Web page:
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Publication

Rights Behind Bars: Regional Guidance

November 12, 2019
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Deprivation of liberty is amongst the harshest of measures that states can take against individuals and should only be used as a last resort. The impact of detention can be devastating in itself, meaning losing access to family and friends, or your job. But in addition to all of this, detention exposes a person to a heightened risk of violent crime: according to the World Health Organisation, a shocking 25% of prisoners are victimized by violence each year. This might not come as a surprise; however, it remains unacceptable that violence in places of detention is much more common than amongst the general public. And when we talk about violence, it can take different forms: it may occur between detainees or be inflicted by officials working in detention centres.

Putting a person in detention not only places them in a violent setting, it also makes them vulnerable. Imagine being detained: you are isolated, stigmatized, without access to information and often without means of communication with the outside world. Detention itself is also not transparent: it occurs behind closed doors, and there is a lack of accountability and oversight. Procedural safeguards are difficult enough outside of detention, but within it, people’s rights are far from guaranteed. Places of detention can and often do operate as a kind of legal black hole.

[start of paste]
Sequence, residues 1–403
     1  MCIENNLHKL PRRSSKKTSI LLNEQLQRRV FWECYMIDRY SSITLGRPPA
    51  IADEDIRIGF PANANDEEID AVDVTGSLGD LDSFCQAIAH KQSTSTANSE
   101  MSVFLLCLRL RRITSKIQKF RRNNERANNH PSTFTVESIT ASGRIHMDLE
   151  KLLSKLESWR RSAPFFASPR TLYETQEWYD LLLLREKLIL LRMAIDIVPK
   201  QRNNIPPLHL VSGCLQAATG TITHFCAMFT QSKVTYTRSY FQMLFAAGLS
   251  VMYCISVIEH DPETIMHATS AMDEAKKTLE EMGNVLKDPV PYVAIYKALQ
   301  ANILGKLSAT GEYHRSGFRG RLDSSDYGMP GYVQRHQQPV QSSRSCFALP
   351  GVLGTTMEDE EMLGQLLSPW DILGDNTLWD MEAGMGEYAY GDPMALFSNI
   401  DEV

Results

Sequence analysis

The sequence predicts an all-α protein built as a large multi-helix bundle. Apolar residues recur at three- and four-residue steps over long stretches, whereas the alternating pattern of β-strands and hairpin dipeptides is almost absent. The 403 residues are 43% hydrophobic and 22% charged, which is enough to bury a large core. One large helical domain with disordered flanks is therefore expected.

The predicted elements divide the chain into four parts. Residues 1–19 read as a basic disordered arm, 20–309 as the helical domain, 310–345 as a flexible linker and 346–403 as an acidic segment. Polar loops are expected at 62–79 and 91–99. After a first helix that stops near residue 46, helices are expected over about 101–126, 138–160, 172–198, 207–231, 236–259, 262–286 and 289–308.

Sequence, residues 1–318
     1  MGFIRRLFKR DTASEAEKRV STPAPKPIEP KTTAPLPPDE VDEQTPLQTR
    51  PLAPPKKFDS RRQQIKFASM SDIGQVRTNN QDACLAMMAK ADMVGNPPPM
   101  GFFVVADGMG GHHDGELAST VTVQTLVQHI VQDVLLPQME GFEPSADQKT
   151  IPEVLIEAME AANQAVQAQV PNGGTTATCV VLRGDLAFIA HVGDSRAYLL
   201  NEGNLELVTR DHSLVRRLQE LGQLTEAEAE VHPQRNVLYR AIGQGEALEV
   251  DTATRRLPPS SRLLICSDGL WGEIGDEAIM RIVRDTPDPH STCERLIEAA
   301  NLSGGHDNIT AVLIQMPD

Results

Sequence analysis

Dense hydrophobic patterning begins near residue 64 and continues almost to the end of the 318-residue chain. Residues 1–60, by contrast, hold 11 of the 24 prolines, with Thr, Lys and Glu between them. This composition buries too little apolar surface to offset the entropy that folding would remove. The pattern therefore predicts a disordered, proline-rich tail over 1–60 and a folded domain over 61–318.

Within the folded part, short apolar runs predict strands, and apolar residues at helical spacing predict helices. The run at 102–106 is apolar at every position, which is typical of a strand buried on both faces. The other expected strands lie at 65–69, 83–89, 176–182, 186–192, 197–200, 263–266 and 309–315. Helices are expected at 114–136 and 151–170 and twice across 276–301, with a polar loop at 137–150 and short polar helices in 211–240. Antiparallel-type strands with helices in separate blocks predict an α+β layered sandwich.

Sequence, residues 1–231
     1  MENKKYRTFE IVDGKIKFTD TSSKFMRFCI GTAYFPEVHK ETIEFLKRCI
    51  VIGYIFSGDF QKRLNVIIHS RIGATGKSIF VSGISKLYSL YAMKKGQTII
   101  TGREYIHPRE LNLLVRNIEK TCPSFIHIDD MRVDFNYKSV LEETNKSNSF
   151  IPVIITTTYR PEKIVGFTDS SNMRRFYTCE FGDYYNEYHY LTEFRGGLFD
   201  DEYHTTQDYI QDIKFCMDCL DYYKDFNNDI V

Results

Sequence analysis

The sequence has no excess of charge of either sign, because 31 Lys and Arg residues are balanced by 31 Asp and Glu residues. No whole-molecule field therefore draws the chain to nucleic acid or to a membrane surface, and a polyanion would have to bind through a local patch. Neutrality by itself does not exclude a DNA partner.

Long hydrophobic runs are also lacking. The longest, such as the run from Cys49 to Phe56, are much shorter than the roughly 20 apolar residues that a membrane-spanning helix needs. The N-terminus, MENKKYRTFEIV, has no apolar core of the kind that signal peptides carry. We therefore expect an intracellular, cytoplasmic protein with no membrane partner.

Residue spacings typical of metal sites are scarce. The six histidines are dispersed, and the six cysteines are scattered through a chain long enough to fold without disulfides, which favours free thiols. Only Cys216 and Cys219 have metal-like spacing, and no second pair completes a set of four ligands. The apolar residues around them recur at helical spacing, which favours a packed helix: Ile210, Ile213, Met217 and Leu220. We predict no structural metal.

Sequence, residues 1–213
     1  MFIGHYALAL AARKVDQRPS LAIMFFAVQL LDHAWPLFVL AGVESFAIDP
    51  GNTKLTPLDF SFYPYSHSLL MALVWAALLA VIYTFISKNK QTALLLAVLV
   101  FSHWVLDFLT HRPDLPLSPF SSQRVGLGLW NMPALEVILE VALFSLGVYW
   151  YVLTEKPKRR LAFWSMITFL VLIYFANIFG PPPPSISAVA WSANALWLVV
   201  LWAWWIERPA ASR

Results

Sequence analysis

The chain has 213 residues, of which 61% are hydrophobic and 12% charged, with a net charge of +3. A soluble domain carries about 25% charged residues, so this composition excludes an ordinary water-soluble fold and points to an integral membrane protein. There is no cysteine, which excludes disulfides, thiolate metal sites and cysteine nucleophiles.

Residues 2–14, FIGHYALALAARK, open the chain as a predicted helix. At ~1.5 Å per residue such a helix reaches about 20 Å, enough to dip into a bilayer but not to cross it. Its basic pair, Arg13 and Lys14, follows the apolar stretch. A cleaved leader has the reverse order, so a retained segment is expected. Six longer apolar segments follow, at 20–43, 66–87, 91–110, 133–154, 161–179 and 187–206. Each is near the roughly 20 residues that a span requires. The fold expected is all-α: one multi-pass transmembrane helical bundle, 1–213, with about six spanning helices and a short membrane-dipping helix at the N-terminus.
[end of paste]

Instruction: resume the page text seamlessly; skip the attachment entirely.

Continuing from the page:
Due to the vulnerability of detainees and the high risk of violence in detention, when states detain people, they have a legal and moral responsibility to ensure their safety. Over the past two years, Fair Trials has worked with five partners to examine the barriers to access to justice for detained people who suffer physical violence, whether by detention staff or co-detainees, in six EU Member States (Belgium, Croatia, Hungary, Italy, the Netherlands, and Sweden). We focused on immigration detention and pre-trial detention in the context of criminal proceedings.

If you are a journalist interested in this story, please telephone Fair Trials’ press department on +44 (0) 20 7822 2370 or +32 (0) 2 360 04 71.

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